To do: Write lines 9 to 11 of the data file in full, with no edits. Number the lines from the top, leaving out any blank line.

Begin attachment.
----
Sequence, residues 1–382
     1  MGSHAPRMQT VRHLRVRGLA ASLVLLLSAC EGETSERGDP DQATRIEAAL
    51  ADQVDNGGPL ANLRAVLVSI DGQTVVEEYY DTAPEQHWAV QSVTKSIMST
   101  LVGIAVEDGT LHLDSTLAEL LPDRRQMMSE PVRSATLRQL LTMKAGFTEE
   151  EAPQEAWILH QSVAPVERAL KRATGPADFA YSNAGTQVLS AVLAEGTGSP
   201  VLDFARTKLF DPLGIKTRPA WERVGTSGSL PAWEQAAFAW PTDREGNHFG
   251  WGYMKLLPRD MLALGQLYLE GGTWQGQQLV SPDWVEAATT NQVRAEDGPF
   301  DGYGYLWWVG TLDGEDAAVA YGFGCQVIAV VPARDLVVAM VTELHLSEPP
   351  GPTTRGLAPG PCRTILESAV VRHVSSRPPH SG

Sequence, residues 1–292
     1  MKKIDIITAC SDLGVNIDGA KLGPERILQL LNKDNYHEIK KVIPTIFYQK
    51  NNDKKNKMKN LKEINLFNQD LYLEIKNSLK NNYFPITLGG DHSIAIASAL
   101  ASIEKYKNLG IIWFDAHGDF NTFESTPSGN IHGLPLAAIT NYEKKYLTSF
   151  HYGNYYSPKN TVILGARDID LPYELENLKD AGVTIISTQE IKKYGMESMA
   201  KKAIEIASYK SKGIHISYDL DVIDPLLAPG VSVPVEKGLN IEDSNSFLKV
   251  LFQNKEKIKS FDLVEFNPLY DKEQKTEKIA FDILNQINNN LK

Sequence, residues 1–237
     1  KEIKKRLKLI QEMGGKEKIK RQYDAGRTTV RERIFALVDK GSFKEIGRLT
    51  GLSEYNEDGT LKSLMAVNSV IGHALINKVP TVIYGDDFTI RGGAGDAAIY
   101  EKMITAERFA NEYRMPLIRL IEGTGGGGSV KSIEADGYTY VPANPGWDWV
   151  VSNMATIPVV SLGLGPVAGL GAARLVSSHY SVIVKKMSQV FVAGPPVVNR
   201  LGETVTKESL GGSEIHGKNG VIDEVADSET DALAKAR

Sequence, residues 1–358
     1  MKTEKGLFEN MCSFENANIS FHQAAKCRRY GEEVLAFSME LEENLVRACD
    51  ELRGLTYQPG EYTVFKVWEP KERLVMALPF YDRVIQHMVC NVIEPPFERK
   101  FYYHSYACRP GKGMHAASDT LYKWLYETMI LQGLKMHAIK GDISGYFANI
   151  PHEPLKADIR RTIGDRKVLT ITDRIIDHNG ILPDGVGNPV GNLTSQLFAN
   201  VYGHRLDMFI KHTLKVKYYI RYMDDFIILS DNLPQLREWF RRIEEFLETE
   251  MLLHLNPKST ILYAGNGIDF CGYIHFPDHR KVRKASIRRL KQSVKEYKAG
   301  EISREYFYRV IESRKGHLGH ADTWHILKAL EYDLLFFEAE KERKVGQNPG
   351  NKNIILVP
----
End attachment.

   351  GPTTRGLAPG PCRTILESAV VRHVSSRPPH SG

Sequence, residues 1–292
     1  MKKIDIITAC SDLGVNIDGA KLGPERILQL LNKDNYHEIK KVIPTIFYQK